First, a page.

Shelly beans are a summer treat not to be missed


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Watch for "shelly beans" in farm markets in the next week or two. Most varieties grown locally are easy to spot in their swollen yellow red-streaked pods.

Inside are plump oval beans, often pink-daubed, too. This color will fade when you cook them, but what a trade-off for sweet creamy succulence -- a milestone of August.

Try to grab a couple of pounds before the chefs snap them all up.

Cook them ahead and they become a jumping off place for summer meals that don't have to be served piping hot or chilled.

There's one catch, as the name suggests: You usually have to shell them yourself. But if people shell a lapful of peas or limas for a summer indulgence, they'll find that shelly beans are worth the effort -- and faster out of the pod.

Here's what to do with them.

A classic is a warm plate of beans stewed with olive oil, garlic and sage or summer savory. Pasta is a nice addition to this. Ditto tomatoes or greens. The beans can be salad, dressed with olive oil, good red wine vinegar, freshly ground pepper, fresh herbs and slivered sweet onion. Cooked shell beans can be tucked into the braising liquid of almost any dish.

Drained and mounded on a platter, they make a fresh companion for many things: fancy Spanish or Italian tuna, hard-boiled eggs, thin-sliced charcuterie, cubes of smoked turkey, summer tomatoes, green beans, even shavings of bottarga.

A wonderful main dish showcase for them is Deborah Madison's Provencale-style veggie braise of farm market snap beans, shelly beans, potatoes, carrots and squash, with basil pesto, soupe a la pistou.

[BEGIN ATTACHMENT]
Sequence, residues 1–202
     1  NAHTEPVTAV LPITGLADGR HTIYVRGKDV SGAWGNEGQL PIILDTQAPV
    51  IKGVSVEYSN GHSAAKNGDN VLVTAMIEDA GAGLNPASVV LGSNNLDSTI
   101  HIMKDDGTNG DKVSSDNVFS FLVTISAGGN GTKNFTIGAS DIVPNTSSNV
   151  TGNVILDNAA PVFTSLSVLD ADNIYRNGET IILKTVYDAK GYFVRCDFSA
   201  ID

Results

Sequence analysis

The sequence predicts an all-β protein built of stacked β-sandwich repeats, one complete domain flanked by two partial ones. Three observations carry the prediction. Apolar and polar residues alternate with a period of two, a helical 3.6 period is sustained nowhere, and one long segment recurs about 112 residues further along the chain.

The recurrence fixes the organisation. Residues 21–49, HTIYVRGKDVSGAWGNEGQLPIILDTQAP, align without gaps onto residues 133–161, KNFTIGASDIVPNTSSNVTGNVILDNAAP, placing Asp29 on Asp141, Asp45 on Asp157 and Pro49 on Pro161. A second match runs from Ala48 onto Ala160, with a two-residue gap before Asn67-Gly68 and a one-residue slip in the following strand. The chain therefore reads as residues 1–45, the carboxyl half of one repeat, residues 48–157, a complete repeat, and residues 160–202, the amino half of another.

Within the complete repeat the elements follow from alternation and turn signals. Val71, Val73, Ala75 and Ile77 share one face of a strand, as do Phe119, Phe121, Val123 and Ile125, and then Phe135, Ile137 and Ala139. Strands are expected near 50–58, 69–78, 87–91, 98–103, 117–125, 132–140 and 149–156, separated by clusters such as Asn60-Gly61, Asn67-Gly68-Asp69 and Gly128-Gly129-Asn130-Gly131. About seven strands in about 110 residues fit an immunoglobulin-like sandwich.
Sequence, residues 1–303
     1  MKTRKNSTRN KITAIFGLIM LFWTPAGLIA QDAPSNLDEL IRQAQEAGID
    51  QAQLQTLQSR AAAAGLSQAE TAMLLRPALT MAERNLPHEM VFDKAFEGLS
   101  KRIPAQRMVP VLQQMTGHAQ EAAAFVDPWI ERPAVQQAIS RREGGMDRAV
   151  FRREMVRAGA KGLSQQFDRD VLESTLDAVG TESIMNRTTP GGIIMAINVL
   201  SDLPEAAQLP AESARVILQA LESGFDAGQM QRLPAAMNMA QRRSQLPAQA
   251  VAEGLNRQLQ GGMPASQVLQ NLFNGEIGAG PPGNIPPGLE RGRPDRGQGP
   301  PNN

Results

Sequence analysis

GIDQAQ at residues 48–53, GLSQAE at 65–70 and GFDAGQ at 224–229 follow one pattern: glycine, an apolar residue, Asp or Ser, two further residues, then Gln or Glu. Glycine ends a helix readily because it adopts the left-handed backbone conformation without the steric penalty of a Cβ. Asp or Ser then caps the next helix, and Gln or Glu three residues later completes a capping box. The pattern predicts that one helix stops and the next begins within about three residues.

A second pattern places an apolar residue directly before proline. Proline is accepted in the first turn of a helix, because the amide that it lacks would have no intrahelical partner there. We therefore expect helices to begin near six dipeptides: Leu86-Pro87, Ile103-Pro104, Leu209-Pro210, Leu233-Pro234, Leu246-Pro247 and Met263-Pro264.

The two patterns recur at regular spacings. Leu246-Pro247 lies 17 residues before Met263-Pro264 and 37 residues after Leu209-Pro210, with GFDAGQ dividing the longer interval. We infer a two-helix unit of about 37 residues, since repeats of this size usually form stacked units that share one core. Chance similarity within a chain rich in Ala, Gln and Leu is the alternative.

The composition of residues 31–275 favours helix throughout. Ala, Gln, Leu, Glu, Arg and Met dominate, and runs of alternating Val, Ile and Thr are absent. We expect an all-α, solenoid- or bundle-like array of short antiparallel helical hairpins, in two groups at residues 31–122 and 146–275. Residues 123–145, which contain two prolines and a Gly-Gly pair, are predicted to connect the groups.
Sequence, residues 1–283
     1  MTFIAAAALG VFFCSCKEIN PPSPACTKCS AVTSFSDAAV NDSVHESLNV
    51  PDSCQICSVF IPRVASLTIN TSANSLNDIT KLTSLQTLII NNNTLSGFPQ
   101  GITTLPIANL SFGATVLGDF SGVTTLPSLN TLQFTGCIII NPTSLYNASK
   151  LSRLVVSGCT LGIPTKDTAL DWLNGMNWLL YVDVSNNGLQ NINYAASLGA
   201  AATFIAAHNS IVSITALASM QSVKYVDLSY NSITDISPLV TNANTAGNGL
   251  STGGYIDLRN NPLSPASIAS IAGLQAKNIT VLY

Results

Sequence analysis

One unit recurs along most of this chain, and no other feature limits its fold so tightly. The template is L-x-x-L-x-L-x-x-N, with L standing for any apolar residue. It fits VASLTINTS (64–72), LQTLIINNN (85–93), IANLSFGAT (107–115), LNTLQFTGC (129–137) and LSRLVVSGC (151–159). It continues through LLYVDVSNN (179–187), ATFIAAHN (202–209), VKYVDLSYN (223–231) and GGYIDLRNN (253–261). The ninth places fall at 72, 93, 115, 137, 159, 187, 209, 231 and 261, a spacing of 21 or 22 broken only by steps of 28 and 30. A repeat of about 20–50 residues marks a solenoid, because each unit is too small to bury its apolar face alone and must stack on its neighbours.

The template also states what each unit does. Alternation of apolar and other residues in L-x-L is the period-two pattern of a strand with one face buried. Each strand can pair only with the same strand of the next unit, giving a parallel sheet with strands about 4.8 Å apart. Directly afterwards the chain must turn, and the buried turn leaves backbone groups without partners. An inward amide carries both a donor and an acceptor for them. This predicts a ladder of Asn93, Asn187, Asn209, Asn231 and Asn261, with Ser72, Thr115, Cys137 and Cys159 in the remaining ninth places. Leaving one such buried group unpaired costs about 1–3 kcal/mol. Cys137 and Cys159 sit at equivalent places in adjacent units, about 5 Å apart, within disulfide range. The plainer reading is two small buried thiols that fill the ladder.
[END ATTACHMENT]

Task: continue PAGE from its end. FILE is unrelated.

The season for shelly, shell or shelling beans is right now because they are pulled off the vine at the point when the pod has started to turn leathery, but the bean inside is still moist and tender. (The grower could opt to leave them on the vine to lose more moisture and harden for the dried bean market.)

Any bean can be grown to the tender shelly bean stage. They cook in 30 minutes or so -- compared to the same bean dried that could take hours of soak and simmer. One alert: The shelly bean broth is cloudy and dull. Flavor, though, is anything but. They are best fresh, but freeze pretty well shucked.

Most shelly beans grown locally are varietal cousins, with names such as cranberry, 'Supremo,' cannellini, borlotti or bird egg.

Find them at:

• Clarion River Organics six market locations: clarionriverorganics.com/p/farm-markets.html. Organic farmer Marty Schmucker is growing 'Supremo,' a type of borlotti bean.

• Farmers Market of East Liberty, Saturday until noon: farmersmarketcooperativeofeastliberty.com. Brian Greenawalt will have bird eye beans, seen on Legume Bistro's summer menus, and several other types to come, including limas from his Amish farmers.

• Farmers@Firehouse in the Strip District, Saturday 9 a.m. to 1 p.m.: farmersatfirehouse.com. Jeff Mott will have fresh organic borlotti and limas.

• Mt. Lebanon Farm Market, Wednesday 4 to 7 p.m., Her Bold Farm, Cadiz, Ohio. Holly Herbold (find her on Facebook) has organic 'Vermont Cranberry' and 'Taylor Dwarf Horticultural' beans, 'Jackson Wonder' limas and 'Windsor' favas.

To shell or not to shell

Writer Adam Gopnik, author of "The Table Comes First: France, Family, and the Meaning of Food," says, "A devotion to shelly beans divides even amateur cooks from noncooks more absolutely than any other food -- like sentences, they are a lot more trouble than anyone who isn't producing them knows." Then we have chef/teacher Judy Rogers, author of the "Zuni Cafe Cookbook," who counters: "The only challenge to shelly beans is finding them."